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“Where do you ride—the bike trails?” People always ask me that. They can’t imagine the country roads. It’s a whole hidden world, the world of cyclists; the places they go, the things they do. If you’re a cyclist, you avoid any road with a number in its name (highway 69, say) and spend little time on those with letter names (A or KP). Roads with nouns for names are your best bet, especially if they offer promises like “Enchanted Valley Road” or “Storytown Road”. Cyclists and drivers don’t experience a road in the same way. I sometimes think of driving as watching a place on TV instead of being in it. You see what it’s like, but you don’t experience it with your other senses and you don’t earn it physically. The cows' sweet stink. Starlings like a shower. Inland prairie seas of grasses, and then haymaking. You can’t smell the silage or the pine trees or the dead animal on the side of the road or the rain coming, or the fall. You don’t hear the redwings’ chee, chee or get dive-bombed by them or see herons flying with clumsy, languid grace overhead or feel every jolt in the road. You can’t be felled by a hole or a stone the size of a silver dollar. You don’t swoop out of the heat into the delicious cool of the valleys on summer evenings.
Biking gives me a feeling of joy and freedom, of spaciousness. Every ride brings a gift, if I’m paying attention: a fox, a sandhill crane chick, a couple of deer crossing, orange Turk’s cap lilies on the side of the road, an ancient cemetery, a causeway between lakes, a hillside fragrant with purple clover, a green heron.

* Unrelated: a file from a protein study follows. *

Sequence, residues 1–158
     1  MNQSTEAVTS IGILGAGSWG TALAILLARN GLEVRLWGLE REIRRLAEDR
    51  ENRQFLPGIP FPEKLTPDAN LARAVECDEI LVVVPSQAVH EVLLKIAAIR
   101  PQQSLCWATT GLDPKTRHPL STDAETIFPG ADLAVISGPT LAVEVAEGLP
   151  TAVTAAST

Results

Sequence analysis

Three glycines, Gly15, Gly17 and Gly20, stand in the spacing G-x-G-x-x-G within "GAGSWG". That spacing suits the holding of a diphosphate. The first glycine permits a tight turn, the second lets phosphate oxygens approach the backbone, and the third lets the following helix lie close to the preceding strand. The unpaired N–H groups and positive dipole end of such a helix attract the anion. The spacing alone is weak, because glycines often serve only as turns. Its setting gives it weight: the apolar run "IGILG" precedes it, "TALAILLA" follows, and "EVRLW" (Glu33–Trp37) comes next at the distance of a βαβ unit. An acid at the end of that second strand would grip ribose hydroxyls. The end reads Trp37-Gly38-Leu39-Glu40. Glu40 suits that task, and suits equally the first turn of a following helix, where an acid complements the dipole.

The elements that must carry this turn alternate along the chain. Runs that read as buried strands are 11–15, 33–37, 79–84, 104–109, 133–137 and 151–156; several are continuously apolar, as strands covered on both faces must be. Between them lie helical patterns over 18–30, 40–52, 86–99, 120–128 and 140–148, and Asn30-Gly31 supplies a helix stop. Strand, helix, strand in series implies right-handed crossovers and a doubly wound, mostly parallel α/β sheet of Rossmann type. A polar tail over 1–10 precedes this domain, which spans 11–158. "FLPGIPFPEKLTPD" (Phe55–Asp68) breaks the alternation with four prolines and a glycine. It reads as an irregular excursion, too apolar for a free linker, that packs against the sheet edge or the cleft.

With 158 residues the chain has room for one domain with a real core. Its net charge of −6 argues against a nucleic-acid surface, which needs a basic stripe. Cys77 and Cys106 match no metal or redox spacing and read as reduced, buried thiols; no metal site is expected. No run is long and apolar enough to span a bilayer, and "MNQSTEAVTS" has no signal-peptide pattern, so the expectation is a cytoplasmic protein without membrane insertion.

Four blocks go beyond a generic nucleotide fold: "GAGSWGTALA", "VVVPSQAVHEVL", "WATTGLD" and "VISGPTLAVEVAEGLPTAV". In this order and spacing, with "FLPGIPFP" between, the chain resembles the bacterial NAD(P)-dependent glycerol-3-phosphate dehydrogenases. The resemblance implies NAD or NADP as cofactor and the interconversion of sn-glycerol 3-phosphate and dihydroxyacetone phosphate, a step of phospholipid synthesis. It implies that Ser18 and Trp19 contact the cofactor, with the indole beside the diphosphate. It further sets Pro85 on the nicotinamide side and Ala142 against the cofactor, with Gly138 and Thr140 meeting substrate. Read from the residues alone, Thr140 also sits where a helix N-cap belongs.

Moving through so much air—on a good year I ride some four
thousand miles between April and October—my sense of smell becomes more acute. When I pass a bar I am almost overwhelmed by the hot, greasy smell of it. Clover smells so sweet when I pass clumps of it in the verge that I instinctively sense why foraging animals prefer it. The wood on a new bridge smells both sweet and acrid, like tobacco smoke. I pass an orchard on my
route out of town, and in May I am regaled with the scent of apple-blossom and then, in August and September, the perfume of apples.
At another point I get marshy whiffs of a sewage treatment plant. Once I was puzzled by a strong odor of cut grass, but when a lawn-care company truck passed me shortly afterwards, I felt gleeful as a dog who has tracked something.
Once spring returns to Wisconsin and the temperatures reach the
low fifties, a ribbon of sound begins unroll as you ride through the
countryside, with chorus frogs shrilling in all the wetlands, and later in the season crickets jingling their tiny, shrill tambourines in the dry grasses. The air is full of birdsong too, from wrens, song sparrows, towhees, swallows, woodpeckers, goldfinches, gulls, killdeer, yellowthroats, and warblers going about their business in the trees
and fields. All of this is what I live for, after the long silence of winter.